- What’s On
A book of masterful, delightfully observed line drawings, with selective splashes of colour, like the gorgeous blue green cover. These are stories without words, people alone with their cats and preoccupations, divided by decorative details that caught Kast’s eye. It conjures up a mild, gentle land full of scraggy cats, scraggier dogs, and personable chaps. Old men fishing, a well dressed lady flinging bread up for a seagull to catch, a hopeless sockseller in a heap on the steps (in grey) with a fistful of socks brilliantly coloured, a roguish tea drinker with roguish shades and scarlet shirt. This is old Istanbul, Ara Güler country. Not a city of skyscrapers and traffic jams. In fact not a single car in sight. How reassuringly sane it all is, and refreshing to know that it is still there. Kast took six months off to do the book. Perhaps everyone in Istanbul should do the same, at least once a week,
The grey-clad, grim-faced Turk who sells vibrantly coloured ladies’ underwear at the market. The shaggy street cat, weaving its way through the neighbour’s garden fence. The friendly face of a wizened elderly lady, each line in her face telling stories of lifetimes ago. One wouldn’t give these scenes a second glance if one passed them on the street. But perhaps it takes a fresh mind, an unbiased wanderer, to remind us of the beauty in these simple, everyday moments.
Gijs Kast, a young Dutch illustrator, wandered round Istanbul for six months, simply observing (hence the title: başıboş is Turkish for footloose). The result is an illustrated documentary in which you can almost smell, hear and taste the city. Rather than the tourist’s view, it shows the real Istanbul, unveiled and caught unawares.
As an avid lover of pen-and-ink illustrations, it warms my heart to see works such as these finally accepted as high art. In the days when illustrations were just used to accompany texts, make political statements or simply entertain with a three-picture gag, the art form was often associated with children’s stories or comic strips and its reputation was low. Thankfully, illustrators can now express whatever is on their minds, without limitations. Kast shows this brilliantly, drawing out the beauty in the everyday, the mundane, and turning it into art.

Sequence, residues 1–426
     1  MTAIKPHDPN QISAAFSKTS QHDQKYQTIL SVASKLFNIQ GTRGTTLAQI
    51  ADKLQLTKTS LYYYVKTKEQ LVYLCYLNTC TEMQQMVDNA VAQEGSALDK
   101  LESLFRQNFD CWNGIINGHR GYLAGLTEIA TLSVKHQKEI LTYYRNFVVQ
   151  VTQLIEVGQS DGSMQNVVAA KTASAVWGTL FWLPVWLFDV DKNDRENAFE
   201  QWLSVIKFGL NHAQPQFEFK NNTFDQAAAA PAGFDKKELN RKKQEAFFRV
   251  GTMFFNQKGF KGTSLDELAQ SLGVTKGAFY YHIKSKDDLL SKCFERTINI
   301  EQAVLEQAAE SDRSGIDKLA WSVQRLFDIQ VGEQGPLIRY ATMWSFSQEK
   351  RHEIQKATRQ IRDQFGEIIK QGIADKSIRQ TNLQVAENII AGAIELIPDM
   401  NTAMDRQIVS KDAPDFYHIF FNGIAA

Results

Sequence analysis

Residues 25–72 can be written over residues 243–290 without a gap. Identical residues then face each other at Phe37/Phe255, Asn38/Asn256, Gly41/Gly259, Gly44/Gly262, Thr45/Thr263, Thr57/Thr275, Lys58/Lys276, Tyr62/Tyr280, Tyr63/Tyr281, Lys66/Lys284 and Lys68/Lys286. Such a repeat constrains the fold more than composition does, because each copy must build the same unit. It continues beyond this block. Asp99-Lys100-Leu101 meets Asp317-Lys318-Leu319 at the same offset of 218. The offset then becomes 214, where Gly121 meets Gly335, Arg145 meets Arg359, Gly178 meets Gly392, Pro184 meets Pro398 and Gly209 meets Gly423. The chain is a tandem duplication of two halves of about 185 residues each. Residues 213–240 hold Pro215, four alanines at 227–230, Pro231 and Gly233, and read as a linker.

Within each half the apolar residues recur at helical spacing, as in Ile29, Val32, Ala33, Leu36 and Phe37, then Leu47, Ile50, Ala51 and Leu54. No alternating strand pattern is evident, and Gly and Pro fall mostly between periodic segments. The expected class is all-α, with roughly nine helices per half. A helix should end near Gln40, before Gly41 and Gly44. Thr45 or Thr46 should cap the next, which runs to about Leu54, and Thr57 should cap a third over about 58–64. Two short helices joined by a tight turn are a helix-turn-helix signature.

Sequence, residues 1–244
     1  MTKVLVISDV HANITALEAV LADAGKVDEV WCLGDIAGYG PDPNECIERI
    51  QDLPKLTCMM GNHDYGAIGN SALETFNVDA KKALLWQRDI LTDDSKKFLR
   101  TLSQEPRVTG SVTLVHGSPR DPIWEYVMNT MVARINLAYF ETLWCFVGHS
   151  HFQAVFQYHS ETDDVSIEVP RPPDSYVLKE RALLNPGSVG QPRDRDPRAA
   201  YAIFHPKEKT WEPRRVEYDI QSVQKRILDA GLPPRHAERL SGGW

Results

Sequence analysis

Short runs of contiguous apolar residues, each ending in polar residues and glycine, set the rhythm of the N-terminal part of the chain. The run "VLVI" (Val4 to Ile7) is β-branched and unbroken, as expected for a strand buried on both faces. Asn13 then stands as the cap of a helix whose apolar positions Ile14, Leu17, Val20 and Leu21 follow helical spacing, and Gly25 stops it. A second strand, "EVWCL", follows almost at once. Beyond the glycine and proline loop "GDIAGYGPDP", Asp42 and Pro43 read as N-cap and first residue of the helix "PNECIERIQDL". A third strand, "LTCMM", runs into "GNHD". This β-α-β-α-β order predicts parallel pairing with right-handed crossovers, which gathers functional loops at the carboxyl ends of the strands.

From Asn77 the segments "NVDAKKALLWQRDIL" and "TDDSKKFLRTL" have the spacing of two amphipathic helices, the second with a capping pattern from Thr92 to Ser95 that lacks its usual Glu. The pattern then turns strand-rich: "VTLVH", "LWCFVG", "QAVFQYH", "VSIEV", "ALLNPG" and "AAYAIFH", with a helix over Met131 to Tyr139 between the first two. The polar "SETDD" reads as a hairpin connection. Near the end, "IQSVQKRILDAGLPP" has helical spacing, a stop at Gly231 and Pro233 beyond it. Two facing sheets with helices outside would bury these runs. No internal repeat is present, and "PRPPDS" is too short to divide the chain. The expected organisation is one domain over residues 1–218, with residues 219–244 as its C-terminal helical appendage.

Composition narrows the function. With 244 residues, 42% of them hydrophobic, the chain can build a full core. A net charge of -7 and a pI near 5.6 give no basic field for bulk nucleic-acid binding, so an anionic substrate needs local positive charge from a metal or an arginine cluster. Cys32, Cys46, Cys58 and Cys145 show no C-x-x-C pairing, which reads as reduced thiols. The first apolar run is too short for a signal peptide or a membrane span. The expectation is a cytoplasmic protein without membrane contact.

As a graphic art, illustration lends itself to a form of expression very different from the written word or the painted canvas, but combining the best of both these worlds. Kast knows his medium, using composition and the interplay of light and dark to capture the imagination. His work, though mostly consisting of line drawings, is varied and exciting, sometimes hinting at a clever observation with a splash of colour. Perhaps it is a statement he would like to make, or an interesting contrast he wants to share. Either way, the portraits, patterns and street views are both entertaining and thought-provoking.
I myself have sadly not been to Istanbul, so it is interesting to see the city observed by an outsider from the inside. Yet these images do not seem foreign. Somehow the feeling is one of recognition. By depicting the city without gloss or shine and allowing it to speak for itself, Kast manages to bring Istanbul close. Perhaps we should all stop living at a hundred miles an hour and take time simply to observe our surroundings. Who knows what beauty we might find?